From 2012 to 2016, the Baltimore Orioles won the most games in the American League. So what happened? A short-sighted strategy built an Orioles franchise that was born to die. Losing seasons are not over in Baltimore, but Mike Elias is committed to a blueprint for future success.
A new season of Baltimore Orioles baseball is within sight; pitchers and catchers reported February 11, position players report February 16 and the first spring training game is February 22. This time is perfect to get a look at some of the young players that hope to be a part of the future. Fans drooling at prospects and envisioning their future success will only cause pain when they are smacked back to reality.
Predictions for 2020 are expectedly low as USA Today slots the Orioles at fifth place in the AL East and a record of 57-105. Yes, the O’s may lose over 100 games again, but a win-loss record should mean nothing to fans right now.
The Orioles are in no shape—nor were they ever the last decade—to win titles in a sustainable manner. As we enter the second full season of the Great Rebuild, Elias & Co. have a vision and are sticking to it, something Dan Duquette could learn from.
In 2018, when the Orioles lost their 115th game of the season, Duquette could no longer hide gaping holes in the organization that crippled a once promising team. Deadline trades that depleted their farm system, investing money into the wrong players, investing nothing into advanced analytics and international talent, and poor development of prospects were major shortcomings by Orioles management in recent history.
From the beginning of the Duquette/Showalter era in Baltimore, we will see highlights along the way hoping to justify our current situation and optimism for the future.
Before the Showalter-Duquette era, the Baltimore Orioles were led by Andy MacPhail who is currently the General Manager of the Philadelphia Phillies. Hired following the draft in 2007, MacPhail inherited a ballclub without a winning record since 1997, which also happened to be the last time the O’s appeared in the playoffs.
He spent his time in Baltimore laying the groundwork for success that didn’t pay off until after he left. Numerous players he acquired, either through trades or drafts, contributed heavily during the prospering years.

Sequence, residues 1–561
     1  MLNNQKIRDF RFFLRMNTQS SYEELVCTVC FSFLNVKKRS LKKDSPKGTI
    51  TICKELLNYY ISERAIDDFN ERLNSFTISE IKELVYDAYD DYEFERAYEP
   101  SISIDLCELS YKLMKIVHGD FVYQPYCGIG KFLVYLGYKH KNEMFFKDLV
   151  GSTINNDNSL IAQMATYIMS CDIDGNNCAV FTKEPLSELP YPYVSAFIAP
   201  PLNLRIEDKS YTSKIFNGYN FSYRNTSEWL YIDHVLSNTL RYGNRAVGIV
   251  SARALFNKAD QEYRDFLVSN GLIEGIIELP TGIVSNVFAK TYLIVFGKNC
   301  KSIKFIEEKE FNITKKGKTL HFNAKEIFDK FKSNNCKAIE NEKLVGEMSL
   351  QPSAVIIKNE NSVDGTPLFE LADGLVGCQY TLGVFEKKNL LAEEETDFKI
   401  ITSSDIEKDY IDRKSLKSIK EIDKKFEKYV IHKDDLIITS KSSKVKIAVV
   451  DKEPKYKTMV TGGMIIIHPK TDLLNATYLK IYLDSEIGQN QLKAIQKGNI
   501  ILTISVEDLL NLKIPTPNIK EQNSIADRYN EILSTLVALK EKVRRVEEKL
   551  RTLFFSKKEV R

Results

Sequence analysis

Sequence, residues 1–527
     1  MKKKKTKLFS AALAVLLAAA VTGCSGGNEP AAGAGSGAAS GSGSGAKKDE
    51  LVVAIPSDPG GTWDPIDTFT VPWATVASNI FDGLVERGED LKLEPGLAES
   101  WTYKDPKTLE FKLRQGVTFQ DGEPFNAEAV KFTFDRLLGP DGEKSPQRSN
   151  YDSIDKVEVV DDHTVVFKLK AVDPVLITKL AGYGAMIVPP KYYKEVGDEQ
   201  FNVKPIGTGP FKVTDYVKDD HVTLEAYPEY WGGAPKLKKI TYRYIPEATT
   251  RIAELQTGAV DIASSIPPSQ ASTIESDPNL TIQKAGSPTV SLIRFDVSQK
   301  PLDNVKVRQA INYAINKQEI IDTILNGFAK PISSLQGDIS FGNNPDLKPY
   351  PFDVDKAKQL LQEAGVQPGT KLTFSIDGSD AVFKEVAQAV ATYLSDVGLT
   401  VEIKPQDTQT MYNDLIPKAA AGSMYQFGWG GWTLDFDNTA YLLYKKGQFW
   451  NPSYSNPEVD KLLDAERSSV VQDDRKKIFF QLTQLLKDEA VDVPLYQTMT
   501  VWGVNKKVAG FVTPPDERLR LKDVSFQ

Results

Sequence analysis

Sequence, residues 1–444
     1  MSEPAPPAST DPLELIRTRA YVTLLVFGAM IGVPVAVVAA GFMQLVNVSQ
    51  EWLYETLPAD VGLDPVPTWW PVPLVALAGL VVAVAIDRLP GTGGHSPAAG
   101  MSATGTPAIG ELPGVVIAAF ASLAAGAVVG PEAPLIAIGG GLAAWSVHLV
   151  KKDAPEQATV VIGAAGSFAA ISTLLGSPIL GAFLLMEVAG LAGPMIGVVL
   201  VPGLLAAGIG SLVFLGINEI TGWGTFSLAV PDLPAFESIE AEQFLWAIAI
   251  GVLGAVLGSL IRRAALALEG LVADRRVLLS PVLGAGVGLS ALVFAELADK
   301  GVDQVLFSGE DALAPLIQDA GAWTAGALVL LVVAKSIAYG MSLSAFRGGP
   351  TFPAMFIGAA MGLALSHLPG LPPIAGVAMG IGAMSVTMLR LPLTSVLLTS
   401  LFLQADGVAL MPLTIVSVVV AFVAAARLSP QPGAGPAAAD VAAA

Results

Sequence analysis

Notable draftees of his are Caleb Joseph and Brian Matusz (2008), Mychal Givens (2009), Manny Machado (2010), Dylan Bundy, Mike Wright, and Zach Davies—who was traded for Gerardo Parra under Dan Duquette— (2011).
Regarding his trades, in 2008 he executed one of the better deals in recent memory by dumping Erik Bedard at his peak to acquire Adam Jones and Chris Tillman. In 2010, he traded for J.J. Hardy. Then in 2011, he traded away Koji Uehara for Chris Davis and Tommy Hunter.
As GM of the O’s from 2007 to 2011, MacPhail failed to build a team with a winning record making it 14 consecutive losing seasons. Patience was thin in Baltimore and owner Peter Angelos was likely unsatisfied with the results, which led to the end of the MacPhail era.
Fresh Faces (2010 – 2011)
Hired by MacPhail and brought in two-thirds of the way through the 2010 season, Buck Showalter immediately brought stability and success as manager. After going 32-73 that year, Showalter turned the Orioles around to finish with a 34-23 record.
After the 2011 season, Dan Duquette stepped in as GM of an emerging organization on the brink of fruition. Still, he made solid acquisitions that offseason claiming Darren O’Day off waivers (who turned out to be a staple in the bullpen for years), signing Miguel Gonzalez (who had a 3.82 ERA across four years), and signing Wei-Yin Chen who had a 3.72 ERA in four seasons.